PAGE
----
273 nigel 71
274 nigel 53 DATA LINES
275 nigel 63
276 ph10 453 Before each data line is passed to pcre_exec(), leading and trailing
277     whitespace is removed, and it is then scanned for \ escapes. Some of
278     these are pretty esoteric features, intended for checking out some of
279     the more complicated features of PCRE. If you are just testing "ordi-
280     nary" regular expressions, you probably don't need any of these. The
281 nigel 73 following escapes are recognized:
282 nigel 49
283 nigel 93 \a alarm (BEL, \x07)
284     \b backspace (\x08)
285     \e escape (\x27)
286     \f formfeed (\x0c)
287     \n newline (\x0a)
288 nigel 91 \qdd set the PCRE_MATCH_LIMIT limit to dd
289     (any number of digits)
290 nigel 93 \r carriage return (\x0d)
291     \t tab (\x09)
292     \v vertical tab (\x0b)
293 nigel 73 \nnn octal character (up to 3 octal digits)
294     \xhh hexadecimal character (up to 2 hex digits)
295     \x{hh...} hexadecimal character, any number of digits
296     in UTF-8 mode
297     \A pass the PCRE_ANCHORED option to pcre_exec()
298 nigel 91 or pcre_dfa_exec()
299 nigel 73 \B pass the PCRE_NOTBOL option to pcre_exec()
300 nigel 91 or pcre_dfa_exec()
301 nigel 73 \Cdd call pcre_copy_substring() for substring dd
302 nigel 75 after a successful match (number less than 32)
303 nigel 73 \Cname call pcre_copy_named_substring() for substring
304     "name" after a successful match (name termin-
305     ated by next non alphanumeric character)
306     \C+ show the current captured substrings at callout
307     time
308     \C- do not supply a callout function
309     \C!n return 1 instead of 0 when callout number n is
310     reached
311     \C!n!m return 1 instead of 0 when callout number n is
312     reached for the nth time
313     \C*n pass the number n (may be negative) as callout
314 nigel 75 data; this is used as the callout return value
315 nigel 77 \D use the pcre_dfa_exec() match function
316     \F only shortest match for pcre_dfa_exec()
317 nigel 73 \Gdd call pcre_get_substring() for substring dd
318 nigel 75 after a successful match (number less than 32)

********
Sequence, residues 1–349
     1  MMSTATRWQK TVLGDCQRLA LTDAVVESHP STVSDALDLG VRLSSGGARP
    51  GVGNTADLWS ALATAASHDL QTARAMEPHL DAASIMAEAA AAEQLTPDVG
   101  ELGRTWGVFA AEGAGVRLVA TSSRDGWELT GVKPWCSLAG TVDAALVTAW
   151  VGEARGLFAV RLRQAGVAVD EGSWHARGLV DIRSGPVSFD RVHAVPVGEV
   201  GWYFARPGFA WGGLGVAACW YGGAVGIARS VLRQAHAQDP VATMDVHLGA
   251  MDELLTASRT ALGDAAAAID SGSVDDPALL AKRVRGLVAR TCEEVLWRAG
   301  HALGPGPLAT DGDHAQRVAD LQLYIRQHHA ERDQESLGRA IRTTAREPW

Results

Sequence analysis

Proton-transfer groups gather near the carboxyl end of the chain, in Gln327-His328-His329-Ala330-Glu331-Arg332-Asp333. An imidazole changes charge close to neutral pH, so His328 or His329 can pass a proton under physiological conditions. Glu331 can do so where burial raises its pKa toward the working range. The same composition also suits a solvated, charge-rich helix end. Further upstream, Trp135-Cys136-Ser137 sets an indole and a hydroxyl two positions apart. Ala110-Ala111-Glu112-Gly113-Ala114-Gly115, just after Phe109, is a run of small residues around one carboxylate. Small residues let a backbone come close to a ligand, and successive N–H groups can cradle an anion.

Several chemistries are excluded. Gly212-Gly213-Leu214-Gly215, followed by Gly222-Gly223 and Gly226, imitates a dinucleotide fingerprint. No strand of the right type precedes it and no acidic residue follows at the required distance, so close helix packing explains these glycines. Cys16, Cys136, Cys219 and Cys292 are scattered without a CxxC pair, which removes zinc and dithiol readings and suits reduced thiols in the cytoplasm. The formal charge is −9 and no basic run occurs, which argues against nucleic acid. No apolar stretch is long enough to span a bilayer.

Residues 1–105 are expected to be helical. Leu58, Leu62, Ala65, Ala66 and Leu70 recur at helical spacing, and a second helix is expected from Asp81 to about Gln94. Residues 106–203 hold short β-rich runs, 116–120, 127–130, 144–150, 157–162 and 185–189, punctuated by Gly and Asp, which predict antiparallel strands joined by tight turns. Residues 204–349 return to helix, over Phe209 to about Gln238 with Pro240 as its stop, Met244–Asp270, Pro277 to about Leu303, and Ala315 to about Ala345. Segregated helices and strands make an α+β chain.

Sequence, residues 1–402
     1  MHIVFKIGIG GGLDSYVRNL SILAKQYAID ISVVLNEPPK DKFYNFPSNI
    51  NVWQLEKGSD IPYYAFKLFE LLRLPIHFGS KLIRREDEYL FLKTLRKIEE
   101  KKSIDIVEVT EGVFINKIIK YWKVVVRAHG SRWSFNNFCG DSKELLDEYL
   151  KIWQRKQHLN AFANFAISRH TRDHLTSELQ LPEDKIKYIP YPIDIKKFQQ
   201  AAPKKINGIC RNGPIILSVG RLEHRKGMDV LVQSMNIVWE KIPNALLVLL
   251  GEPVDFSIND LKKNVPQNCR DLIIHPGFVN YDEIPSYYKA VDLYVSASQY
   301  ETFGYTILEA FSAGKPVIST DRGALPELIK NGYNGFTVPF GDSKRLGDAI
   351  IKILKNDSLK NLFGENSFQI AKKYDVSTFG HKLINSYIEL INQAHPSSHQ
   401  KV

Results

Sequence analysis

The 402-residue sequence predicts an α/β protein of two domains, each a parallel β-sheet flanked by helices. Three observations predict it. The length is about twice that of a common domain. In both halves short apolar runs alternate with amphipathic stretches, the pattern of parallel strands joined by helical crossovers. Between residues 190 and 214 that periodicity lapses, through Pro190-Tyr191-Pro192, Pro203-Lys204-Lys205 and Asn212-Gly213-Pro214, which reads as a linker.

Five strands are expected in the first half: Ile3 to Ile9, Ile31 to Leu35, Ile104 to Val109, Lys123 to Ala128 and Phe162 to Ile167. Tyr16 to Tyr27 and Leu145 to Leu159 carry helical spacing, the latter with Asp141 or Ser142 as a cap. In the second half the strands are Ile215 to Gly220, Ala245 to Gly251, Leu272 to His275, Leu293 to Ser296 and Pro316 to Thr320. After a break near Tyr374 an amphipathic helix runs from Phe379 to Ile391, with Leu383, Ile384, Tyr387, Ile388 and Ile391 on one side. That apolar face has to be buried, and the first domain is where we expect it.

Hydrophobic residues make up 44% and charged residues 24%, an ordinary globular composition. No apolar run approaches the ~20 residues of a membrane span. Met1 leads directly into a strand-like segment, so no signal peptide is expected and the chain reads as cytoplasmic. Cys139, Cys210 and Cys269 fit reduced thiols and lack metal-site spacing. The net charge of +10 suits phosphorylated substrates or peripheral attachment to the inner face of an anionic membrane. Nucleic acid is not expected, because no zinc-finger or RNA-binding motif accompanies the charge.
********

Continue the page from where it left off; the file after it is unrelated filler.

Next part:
319 nigel 73 \Gname call pcre_get_named_substring() for substring
320     "name" after a successful match (name termin-
321     ated by next non-alphanumeric character)
322     \L call pcre_get_substringlist() after a
323     successful match
324 nigel 87 \M discover the minimum MATCH_LIMIT and
325     MATCH_LIMIT_RECURSION settings
326 nigel 73 \N pass the PCRE_NOTEMPTY option to pcre_exec()
327 ph10 453 or pcre_dfa_exec(); if used twice, pass the
328     PCRE_NOTEMPTY_ATSTART option
329 nigel 73 \Odd set the size of the output vector passed to
330 nigel 75 pcre_exec() to dd (any number of digits)
331 ph10 429 \P pass the PCRE_PARTIAL_SOFT option to pcre_exec()
332     or pcre_dfa_exec(); if used twice, pass the
333     PCRE_PARTIAL_HARD option
334 nigel 91 \Qdd set the PCRE_MATCH_LIMIT_RECURSION limit to dd
335     (any number of digits)
336 nigel 77 \R pass the PCRE_DFA_RESTART option to pcre_dfa_exec()
337 nigel 73 \S output details of memory get/free calls during matching
338 ph10 461 \Y pass the PCRE_NO_START_OPTIMIZE option to pcre_exec()
339     or pcre_dfa_exec()
340 nigel 73 \Z pass the PCRE_NOTEOL option to pcre_exec()
341 nigel 91 or pcre_dfa_exec()
342 nigel 73 \? pass the PCRE_NO_UTF8_CHECK option to
343 nigel 91 pcre_exec() or pcre_dfa_exec()
344 nigel 75 \>dd start the match at offset dd (any number of digits);
345     this sets the startoffset argument for pcre_exec()
346 nigel 91 or pcre_dfa_exec()
347     \<cr> pass the PCRE_NEWLINE_CR option to pcre_exec()
348     or pcre_dfa_exec()
349     \<lf> pass the PCRE_NEWLINE_LF option to pcre_exec()
350     or pcre_dfa_exec()
351     \<crlf> pass the PCRE_NEWLINE_CRLF option to pcre_exec()
352     or pcre_dfa_exec()
353 ph10 150 \<anycrlf> pass the PCRE_NEWLINE_ANYCRLF option to pcre_exec()
354     or pcre_dfa_exec()
355 nigel 93 \<any> pass the PCRE_NEWLINE_ANY option to pcre_exec()
356     or pcre_dfa_exec()
357 nigel 71
358 ph10 453 The escapes that specify line ending sequences are literal strings,
359 nigel 93 exactly as shown. No more than one newline setting should be present in
360     any data line.
361 nigel 75
362 ph10 453 A backslash followed by anything else just escapes the anything else.
363     If the very last character is a backslash, it is ignored. This gives a
364     way of passing an empty line as data, since a real empty line termi-
365 nigel 93 nates the data input.
366    
367 ph10 453 If \M is present, pcretest calls pcre_exec() several times, with dif-
368     ferent values in the match_limit and match_limit_recursion fields of